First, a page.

I know its been an awful long time since anything was posted here. Thats mainly because its been really quiet. With Covid ruining our ability to get together and play and decimating the live music industry there hasn't been much to report. That being said we're nearly through to the other side and Band Room Blitz was finally taken out for its very first music festival! Loud as Hell in Drumheller, Alberta. 3 days (or 4 if you hit the kick off party) of deafening metal music, wildfire smoke, and a whole lot of dust. Today on this blog I'm going to share some insights I now have on surviving a long haul outdoor event as a vendor. But first, how did we do?
Band Room Blitz preformed phenominally. I would describe my attitude going in as "cautiously pessimistic". With Covid utterly destroying my entire promotional plan for the game I wanted to make sure I didn't psych myself up too much. This fest was put together within the span of a month, wildfire smoke was all pervasive, the weather was in the high 30's the entire time, and Alberta had only just allowed events like this to go ahead. Needless to say I expected attendance to be smaller than typical.
In spite of all that Loud as Hell was a huge success. We (myself and my booth helper Ethan) smashed my goal of 4 copies of band room blitz sold per day. We sold at least 5 every day and completely unloaded all 12 shiny copies on the very first (half) day. What can I say? Metalheads love coming up with fun band names. Everyone who popped by the booth was into it and many came by throughout the fest to drop off band names they had thought of. While the game did amazingly, I did not. By the end of the event my feet had become painfully swollen and my throat was burning with the force of a thousand suns.
So, on to advice regarding surviving an outdoor music festival as a vendor. If you just want bullet points I'll be bolding the main tips.
While we thought we had enough ice and cold drinks to get us through the weekend we were woefully mistaken. We also had no way of leaving the booth to get more supplies from town. Thankfully friends brought us some ice and the food vendor happily shared giant freezies with us. To prevent this situation next year we'll be sure to pre-schedule at least one trip into town to re-stock supplies. Things like Ice, water, and sun screen.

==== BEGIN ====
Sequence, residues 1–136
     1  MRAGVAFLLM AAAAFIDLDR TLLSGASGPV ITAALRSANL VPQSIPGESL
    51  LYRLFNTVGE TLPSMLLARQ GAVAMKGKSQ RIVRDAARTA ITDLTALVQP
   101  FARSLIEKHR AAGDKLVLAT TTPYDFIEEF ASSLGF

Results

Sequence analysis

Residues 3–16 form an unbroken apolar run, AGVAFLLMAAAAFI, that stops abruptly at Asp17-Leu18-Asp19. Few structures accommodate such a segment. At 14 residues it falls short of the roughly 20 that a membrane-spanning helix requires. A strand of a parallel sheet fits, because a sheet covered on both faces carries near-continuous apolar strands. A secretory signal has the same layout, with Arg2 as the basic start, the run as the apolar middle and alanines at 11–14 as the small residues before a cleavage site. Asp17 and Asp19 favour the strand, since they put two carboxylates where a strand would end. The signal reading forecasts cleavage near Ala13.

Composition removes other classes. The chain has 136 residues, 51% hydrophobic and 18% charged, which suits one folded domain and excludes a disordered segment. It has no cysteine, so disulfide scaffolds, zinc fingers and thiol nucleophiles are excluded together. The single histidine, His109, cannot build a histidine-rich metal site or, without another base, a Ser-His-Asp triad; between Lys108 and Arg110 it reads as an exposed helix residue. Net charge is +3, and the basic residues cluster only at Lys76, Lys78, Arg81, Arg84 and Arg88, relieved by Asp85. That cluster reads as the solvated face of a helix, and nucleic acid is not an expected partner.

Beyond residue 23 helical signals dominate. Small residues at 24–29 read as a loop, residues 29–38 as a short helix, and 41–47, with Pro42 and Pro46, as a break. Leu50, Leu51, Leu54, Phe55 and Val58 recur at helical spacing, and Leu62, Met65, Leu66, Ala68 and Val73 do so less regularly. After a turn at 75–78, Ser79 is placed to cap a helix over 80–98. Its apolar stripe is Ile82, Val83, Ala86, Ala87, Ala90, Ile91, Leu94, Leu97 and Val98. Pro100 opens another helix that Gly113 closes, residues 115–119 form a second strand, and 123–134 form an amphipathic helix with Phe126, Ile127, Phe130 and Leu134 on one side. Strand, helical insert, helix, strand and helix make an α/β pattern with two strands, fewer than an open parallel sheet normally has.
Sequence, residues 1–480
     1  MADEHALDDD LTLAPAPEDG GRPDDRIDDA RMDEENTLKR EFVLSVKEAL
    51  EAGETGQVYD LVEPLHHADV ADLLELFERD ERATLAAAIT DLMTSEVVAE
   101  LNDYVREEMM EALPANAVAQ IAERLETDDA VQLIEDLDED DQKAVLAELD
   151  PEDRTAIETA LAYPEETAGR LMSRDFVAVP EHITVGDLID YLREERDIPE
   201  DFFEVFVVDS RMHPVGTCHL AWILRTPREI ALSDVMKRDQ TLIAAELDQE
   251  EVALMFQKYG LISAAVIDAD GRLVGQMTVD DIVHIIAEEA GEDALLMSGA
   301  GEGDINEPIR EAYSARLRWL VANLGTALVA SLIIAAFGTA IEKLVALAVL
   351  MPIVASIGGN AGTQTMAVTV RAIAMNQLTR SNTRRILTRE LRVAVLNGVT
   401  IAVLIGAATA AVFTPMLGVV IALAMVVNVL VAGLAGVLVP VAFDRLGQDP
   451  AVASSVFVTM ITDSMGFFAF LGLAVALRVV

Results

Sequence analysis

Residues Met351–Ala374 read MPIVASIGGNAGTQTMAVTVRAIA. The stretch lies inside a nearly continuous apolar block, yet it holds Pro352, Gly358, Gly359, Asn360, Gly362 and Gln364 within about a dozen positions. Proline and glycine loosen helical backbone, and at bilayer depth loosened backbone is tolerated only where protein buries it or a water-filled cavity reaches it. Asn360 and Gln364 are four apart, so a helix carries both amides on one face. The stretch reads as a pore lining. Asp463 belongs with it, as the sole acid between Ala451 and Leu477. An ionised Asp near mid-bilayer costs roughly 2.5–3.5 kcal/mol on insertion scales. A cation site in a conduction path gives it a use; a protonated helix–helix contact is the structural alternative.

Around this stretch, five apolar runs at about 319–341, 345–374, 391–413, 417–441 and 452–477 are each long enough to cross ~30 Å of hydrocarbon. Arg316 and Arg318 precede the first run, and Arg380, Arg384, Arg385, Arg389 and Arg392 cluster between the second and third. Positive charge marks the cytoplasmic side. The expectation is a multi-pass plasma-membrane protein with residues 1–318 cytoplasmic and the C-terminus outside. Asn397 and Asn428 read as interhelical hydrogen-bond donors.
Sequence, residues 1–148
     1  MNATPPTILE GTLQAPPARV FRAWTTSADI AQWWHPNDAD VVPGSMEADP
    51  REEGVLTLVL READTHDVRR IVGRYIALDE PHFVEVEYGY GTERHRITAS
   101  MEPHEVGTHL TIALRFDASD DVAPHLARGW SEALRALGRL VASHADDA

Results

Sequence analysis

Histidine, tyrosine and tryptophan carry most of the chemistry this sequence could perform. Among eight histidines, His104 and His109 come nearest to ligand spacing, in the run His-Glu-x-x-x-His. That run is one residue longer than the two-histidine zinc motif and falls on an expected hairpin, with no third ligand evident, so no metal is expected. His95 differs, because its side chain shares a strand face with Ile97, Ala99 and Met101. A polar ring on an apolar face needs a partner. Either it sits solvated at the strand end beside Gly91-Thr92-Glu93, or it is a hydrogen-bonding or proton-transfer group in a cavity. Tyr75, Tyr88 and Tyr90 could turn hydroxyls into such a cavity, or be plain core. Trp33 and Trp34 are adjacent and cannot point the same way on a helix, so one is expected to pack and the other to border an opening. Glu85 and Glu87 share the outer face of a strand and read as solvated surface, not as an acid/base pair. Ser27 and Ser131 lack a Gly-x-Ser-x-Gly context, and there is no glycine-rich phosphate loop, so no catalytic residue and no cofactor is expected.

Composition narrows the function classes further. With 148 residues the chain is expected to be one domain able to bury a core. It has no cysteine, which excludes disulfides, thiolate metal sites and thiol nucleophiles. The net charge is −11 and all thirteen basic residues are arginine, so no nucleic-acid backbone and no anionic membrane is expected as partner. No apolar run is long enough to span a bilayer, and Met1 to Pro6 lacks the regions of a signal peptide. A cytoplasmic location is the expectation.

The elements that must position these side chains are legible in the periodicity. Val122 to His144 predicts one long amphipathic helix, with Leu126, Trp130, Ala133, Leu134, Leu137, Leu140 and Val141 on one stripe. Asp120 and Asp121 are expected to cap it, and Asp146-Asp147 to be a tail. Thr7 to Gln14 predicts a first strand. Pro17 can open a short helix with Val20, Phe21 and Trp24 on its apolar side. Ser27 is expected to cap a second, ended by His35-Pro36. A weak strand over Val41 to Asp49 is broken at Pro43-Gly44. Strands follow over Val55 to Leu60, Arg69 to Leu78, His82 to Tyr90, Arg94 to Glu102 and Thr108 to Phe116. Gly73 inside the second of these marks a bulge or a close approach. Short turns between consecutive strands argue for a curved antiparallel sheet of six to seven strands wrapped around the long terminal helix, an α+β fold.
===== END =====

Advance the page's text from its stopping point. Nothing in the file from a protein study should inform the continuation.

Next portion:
Another misfortune was that the vendor tents faced west. While it was nice to be able to see the mainstage from our booth it also made it so that later in the day that awful ball of fire in the sky would be blasting its death rays right into our tent. Our booth neighbors, Metalheads United (oragnizers of The Electric Highway Music Festival) brought a beach umbrella and used that to give us some shelter. So on that note we'll definitely bring some kind of sun shade for when the sun gets low.
Seriously consider bringing compression socks. I'm not kidding. The heat plus the large amount of standing led to some major swelling on my poor feet. At one point I loosened my sandals to relieve the pressure and they just expanded to fill in the space. No bueno.
While there was a nice breeze sometimes, that was definitely not the case most of the time in the late afternoon. While it was a dry heat, without that wind we were basically cooking in an oven. So why not make it a convection oven and bring a fan? The booth had power so it would have been a total life saver. Our neighbors on the other side had a fan like this one, and man was I jealous. Gotta get one of those...
One issue that was unique to our booth is that we're the only vendor that actually needs to explain our product. The other vendors sold soaps, shirts, art, drinking horns, leatherwork, things like that. Stuff you can immediately understand by looking at it. Unforunately we also had more people popping by the booth while bands were on than in-between sets. Which lead to a whole lot of yelling. I actually have a preventative solution for this and a remedy. First, if you have to yell, make sure you bring an anti-infalmmitory like Ibuprofin and losenges. Your vocal chords will thank you. Next, consider your signage. If you can make a table mat that fully explains the game you will save your voice a whole lot of stress. Along with laying out cards and components, we opted for a QR code that lead to a how to play video and a quick explainer video. But most people aren't interested in pulling up youtube videos at a music festival. And thats if they even have recepetion.
Unfortunately there is nothing you can really do about all the dust except bring a rag and wipe everything down every few hours.
This is a more general tip you can use at any kind of event, but I think we found a cool trick at Loud as Hell. If you can get people excited about your game you're more likely to get a sale. If you can get people returning to your booth multiple times you have more opportunity to get them excited. What we did was pick two category cards each day and got people to give us band names fitting the cards. We had a whiteboard up and added to it throughout the day. We had people buy a copy right away and come back multiple times just to see what people came up with. We also had some folks come by multiple times but only commiting to the buy after trying it a few times. Here's what we got from day one and day two
All in all, Loud as Hell 9 was an absolute blast. Despite my body hating me and not being shy informing me about it, I very much look foreward to Loud as Hell 10 and slinging more red hot band names with the Alberta metalhead community. The organizers deserve tons of recognition for putting on such a killer party in such a small amount of time and having everything run as smoothly as it did.
Loud as Hell, Tired as F#@%